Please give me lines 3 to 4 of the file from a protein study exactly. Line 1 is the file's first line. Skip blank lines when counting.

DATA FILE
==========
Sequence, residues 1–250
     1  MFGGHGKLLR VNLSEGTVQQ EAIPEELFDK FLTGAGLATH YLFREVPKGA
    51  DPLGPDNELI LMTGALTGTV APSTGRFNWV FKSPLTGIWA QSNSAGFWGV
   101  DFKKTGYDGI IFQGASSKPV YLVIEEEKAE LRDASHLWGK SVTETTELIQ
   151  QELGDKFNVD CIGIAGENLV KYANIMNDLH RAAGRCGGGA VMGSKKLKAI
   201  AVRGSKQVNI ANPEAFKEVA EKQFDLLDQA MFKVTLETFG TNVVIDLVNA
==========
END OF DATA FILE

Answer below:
    51  DPLGPDNELI LMTGALTGTV APSTGRFNWV FKSPLTGIWA QSNSAGFWGV
   101  DFKKTGYDGI IFQGASSKPV YLVIEEEKAE LRDASHLWGK SVTETTELIQ